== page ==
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If you’ve ever had trouble getting paid, give yourself more security with milestone payments.

A milestone payment is simply a certain % of the fee of a project that the client pays over the course of the project rather than paying 100% at the end. One rough example of a milestone payment system would be if a client payed you 30% upfront, 30% after the first draft is submitted, and 40% at project completion.

Here’s how and why they work:

Milestone payments protect freelancers

1. They ensure some payment if project gets dropped. If you’re working on a 4-month project and the client drops off the face of the planet at month 3, milestone payments ensure that you’ve at least got the payment from month 1 and 2.

2. They guarantee that you learn that the client is a non-payer earlier in the project. If your client doesn’t pay at the first milestone a third of the way through a project, try to stop work on the project as soon as possible in order to cut your loses. Sometimes you’ll continue to work, with faith that the client will come through, but you should never deliver a final project if a milestone payment was missed.

3. They help steady your cash flow so you budget more easily. Breaking out your payments smooths out the “feast or famine” cycle most freelancers experience. Makes it a lot easier to pay your rent.

4. They force you to structure the project and break it into smaller pieces, and see if you’re on track for project completion. If you come to the midway milestone point and find that you’ve spent far longer working than you estimated or are nowhere near a halfway point, it’s possible that the client didn’t communicate the original scope of the project clearly. Discuss this scope creep with your client and suggest that you either return to the original project objectives or negotiate a new contract for the remainder of the work.

Milestone payments are good for employers

High-quality clients attract and keep high-quality freelancers and agencies by promising milestone payments.

Any relationship is a risk. As an employer, you don’t want a freelancer to run away with 30% of the project fee and not finish the project. But it’s unreasonable to ask the freelancer to bear 100% of the risk. As long as your payment is tied to deliverables (if possible, in the clients’ hands), the client should feel more comfortable.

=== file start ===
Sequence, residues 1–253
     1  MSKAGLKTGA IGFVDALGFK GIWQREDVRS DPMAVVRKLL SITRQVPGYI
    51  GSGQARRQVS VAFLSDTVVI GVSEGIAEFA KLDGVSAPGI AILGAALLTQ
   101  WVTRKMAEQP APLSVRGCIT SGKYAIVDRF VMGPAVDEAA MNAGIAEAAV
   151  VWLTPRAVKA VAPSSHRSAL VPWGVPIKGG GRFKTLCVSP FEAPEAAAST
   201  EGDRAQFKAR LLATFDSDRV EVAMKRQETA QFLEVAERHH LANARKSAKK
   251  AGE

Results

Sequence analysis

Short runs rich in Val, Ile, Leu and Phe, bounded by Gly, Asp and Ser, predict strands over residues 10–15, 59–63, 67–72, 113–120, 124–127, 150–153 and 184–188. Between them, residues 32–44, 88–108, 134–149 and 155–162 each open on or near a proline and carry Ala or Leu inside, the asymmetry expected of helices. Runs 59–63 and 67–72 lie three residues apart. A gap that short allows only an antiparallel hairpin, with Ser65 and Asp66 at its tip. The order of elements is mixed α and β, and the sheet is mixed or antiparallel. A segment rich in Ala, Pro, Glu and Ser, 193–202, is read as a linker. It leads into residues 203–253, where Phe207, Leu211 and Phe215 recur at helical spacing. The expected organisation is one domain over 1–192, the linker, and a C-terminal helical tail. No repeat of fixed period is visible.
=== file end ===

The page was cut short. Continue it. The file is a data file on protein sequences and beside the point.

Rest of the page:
How milestone payments work

1: Figure out whether or not milestone payments make sense for your project

A milestone can be associated with either a task or a phase.

  • If you base payments off of task milestones, this means your client would pay when certain sub-projects or drafts are submitted. Good for clearly-defined projects with clear timetable.
  • If you base payments off of phase or time milestones, your client would pay you at a set time period (after a month or after a quarter, etc.). Good for “soft skill” projects without physical deliverables and ongoing projects.

The choice largely depends on the type of project you’re doing.

Milestone payments are most commonly used for projects with set product and time goals that last longer than 2 weeks. Ongoing contracts (where you get paid an hourly fee, not a project fee) can also use milestone payments, though these are often time-based payments and not tied to project goal completions. If you have a short project that lasts less than 2 weeks, it may not make sense to break out payments. However, some freelancers still require a deposit on contract-signing.

2: Put your payment schedule in the proposal

You must include a payment schedule in your project proposal. If you usually require milestone payments, you may also have mentioned this (verbally or in email) during your initial meetings with a client.

Submit a proposal (as usual) to the client with key deliverables broken out in a timeline.

For example:

  • Contract agreement: May 2014
  • First draft due: June 15, 2014
  • Second draft due: August 1, 2014
  • Final due: September 1, 2014

"[Client] will pay a deposit of $500.00 upon contract agreement. After which [Client] will pay 50% of remaining balance ($1,250.00) upon completion of the second draft, and the remaining 50% ($1,250.00) upon completion of project."

3. Negotiate the payment schedule with clients

Chances are that your client is used to a payment schedule and won’t reject the concept of staggered payments. They may ask for fewer payments or try to get a larger percentage of the project payed later. This is reasonable self-interest (they’re protecting themselves against you leaving them) and your negotiation should be the process of you both carrying an appropriate amount of risk.

A way to ensure that milestone payments happen in your favor is to have a strong reputation for reliability -- this is where referrals from previous clients, testimonials, your client list, and social proof come in handy.

But what happens when clients don’t want to pay on a schedule, and want to wait until the work is complete?

  • Explain that this practice is common with independent contractors, and that this ensures that contractors are not abandoned by clients.
  • Share previous experience with clients that has reinforced the need for this provision.
  • Drop the client. If you get weird feelings about them and they don’t want to pay in stages, this might be the type of client who is going to run away with ¾ of the project for free. Listen to your gut.

4. Put the payment schedule in your contract

Try using our Contract Creator and plugging in your schedule on the Payments tab.

Freelancers, do you use milestone payments?